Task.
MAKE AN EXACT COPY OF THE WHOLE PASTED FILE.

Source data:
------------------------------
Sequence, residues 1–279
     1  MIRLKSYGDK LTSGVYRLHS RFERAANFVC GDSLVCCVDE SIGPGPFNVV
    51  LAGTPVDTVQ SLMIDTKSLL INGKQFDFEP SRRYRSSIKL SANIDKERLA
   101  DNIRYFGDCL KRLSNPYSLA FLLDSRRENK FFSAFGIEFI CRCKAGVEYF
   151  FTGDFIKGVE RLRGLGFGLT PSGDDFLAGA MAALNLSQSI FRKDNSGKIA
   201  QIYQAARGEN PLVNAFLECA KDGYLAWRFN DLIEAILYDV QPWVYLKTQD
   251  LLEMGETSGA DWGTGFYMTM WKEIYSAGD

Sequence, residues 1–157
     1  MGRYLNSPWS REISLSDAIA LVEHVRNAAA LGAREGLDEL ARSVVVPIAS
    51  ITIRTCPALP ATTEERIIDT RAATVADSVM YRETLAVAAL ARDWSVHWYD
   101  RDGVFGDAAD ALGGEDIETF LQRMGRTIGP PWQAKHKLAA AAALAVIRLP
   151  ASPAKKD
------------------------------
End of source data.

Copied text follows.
Sequence, residues 1–279
     1  MIRLKSYGDK LTSGVYRLHS RFERAANFVC GDSLVCCVDE SIGPGPFNVV
    51  LAGTPVDTVQ SLMIDTKSLL INGKQFDFEP SRRYRSSIKL SANIDKERLA
   101  DNIRYFGDCL KRLSNPYSLA FLLDSRRENK FFSAFGIEFI CRCKAGVEYF
   151  FTGDFIKGVE RLRGLGFGLT PSGDDFLAGA MAALNLSQSI FRKDNSGKIA
   201  QIYQAARGEN PLVNAFLECA KDGYLAWRFN DLIEAILYDV QPWVYLKTQD
   251  LLEMGETSGA DWGTGFYMTM WKEIYSAGD

Sequence, residues 1–157
     1  MGRYLNSPWS REISLSDAIA LVEHVRNAAA LGAREGLDEL ARSVVVPIAS
    51  ITIRTCPALP ATTEERIIDT RAATVADSVM YRETLAVAAL ARDWSVHWYD
   101  RDGVFGDAAD ALGGEDIETF LQRMGRTIGP PWQAKHKLAA AAALAVIRLP
   151  ASPAKKD